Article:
Themes and Meanings
The Dark Half is a sensational, wordy, and not well-resolved tale of conflict between King’s vision of what middle America regards as good and what can always be cataloged as evil. King gives substance to this struggle by revealing the troubling doubts, often moral ones, that evolve within his protagonist. The scene of this contest, as in other King books, is a small town, in this instance the fictional Castle Rock, Maine. The setting is deliberately conservative, a family-oriented small-town repository of solid American values. The world outside Castle Rock is one to which many of King’s characters are viscerally opposed. They fear and dislike the technocratic-managerial culture engulfing them, and they view its future in apocalyptic terms. Stark and Alexis Machine, as manifest pillars of destruction, are sufficient evidence of this.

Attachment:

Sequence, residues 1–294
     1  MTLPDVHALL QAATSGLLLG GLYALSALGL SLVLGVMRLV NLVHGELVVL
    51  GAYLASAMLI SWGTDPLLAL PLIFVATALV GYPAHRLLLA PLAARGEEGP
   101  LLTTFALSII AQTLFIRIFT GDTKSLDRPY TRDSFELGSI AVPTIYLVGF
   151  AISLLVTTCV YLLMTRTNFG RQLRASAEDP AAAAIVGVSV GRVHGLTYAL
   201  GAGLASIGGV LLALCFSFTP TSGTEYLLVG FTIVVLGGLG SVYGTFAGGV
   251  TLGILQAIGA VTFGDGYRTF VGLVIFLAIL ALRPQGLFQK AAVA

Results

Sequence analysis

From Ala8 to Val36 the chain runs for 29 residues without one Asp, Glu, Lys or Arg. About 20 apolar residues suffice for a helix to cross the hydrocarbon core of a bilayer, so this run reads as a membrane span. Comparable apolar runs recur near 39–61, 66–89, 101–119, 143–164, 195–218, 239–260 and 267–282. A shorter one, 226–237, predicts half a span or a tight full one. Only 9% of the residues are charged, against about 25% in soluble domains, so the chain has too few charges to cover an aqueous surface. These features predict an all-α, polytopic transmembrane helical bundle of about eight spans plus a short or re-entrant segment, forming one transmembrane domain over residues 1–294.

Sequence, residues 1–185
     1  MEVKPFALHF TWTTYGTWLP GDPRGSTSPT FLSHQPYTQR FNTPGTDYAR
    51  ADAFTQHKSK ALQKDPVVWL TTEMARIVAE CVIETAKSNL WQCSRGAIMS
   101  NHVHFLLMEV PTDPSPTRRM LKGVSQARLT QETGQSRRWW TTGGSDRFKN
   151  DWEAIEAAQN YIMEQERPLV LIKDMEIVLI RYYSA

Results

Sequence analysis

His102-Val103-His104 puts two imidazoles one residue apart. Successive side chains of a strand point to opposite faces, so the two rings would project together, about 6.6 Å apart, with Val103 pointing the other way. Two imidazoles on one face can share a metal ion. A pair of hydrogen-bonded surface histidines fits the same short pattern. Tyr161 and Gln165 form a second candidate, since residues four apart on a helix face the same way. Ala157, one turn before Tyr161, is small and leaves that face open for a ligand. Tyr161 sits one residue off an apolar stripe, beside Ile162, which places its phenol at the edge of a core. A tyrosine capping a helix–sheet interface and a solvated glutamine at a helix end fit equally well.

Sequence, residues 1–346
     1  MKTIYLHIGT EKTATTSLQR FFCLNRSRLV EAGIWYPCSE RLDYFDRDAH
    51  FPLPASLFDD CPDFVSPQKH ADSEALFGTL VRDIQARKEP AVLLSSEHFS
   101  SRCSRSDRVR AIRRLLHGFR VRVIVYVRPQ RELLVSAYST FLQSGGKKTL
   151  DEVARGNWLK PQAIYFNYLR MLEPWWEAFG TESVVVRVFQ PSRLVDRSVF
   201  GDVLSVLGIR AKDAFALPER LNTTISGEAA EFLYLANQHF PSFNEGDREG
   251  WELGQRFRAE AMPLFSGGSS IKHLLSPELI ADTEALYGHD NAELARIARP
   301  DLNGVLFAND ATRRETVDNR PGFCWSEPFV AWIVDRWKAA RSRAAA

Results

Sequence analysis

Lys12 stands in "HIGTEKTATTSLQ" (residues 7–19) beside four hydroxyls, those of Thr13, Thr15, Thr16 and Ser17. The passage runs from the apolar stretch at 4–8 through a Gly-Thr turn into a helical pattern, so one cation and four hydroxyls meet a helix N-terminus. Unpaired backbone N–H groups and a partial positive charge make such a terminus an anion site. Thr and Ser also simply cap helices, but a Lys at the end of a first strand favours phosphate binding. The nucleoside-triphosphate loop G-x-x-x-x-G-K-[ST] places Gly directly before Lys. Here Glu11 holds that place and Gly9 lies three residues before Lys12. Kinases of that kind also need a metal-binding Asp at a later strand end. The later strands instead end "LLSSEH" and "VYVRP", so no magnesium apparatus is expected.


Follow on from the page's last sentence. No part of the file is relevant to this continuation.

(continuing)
All The Dark Half’s principal characters consequently are disparaging observers of big cities and big-city types. Thus New York is backhanded several times as the Maggoty Old Apple—a prejudice widely shared. The female photographer who comes to Castle Rock to manage George Stark’s mock burial is likewise derided, while sensationalist and tawdry People magazine, readers are told, has its year-round nest in New York. The Washington, D.C. characters fare no better; they include Dobie Eberhart, a loud, avaricious prostitute who caters to senior politicians, and Thad’s former literary agent, a low-rung corporate lawyer, blackmailer, and “creepazoid.” Even The Dark Half’s conclusion is foreboding. One of the sparrows draws Thad’s blood—a sign, he believes, that for having fooled with the afterlife he will soon have to pay a price.
The Dark Half thus continues King’s themes that humankind is trapped and confused in a chaotic universe and is further victimized by failures to conquer the evil ladled from its own cultural brew. To the extent that King wrote the book to entertain, he succeeded once again. Still, the crafting of this tale perhaps does not warrant the utter suspension of readers’ disbelief.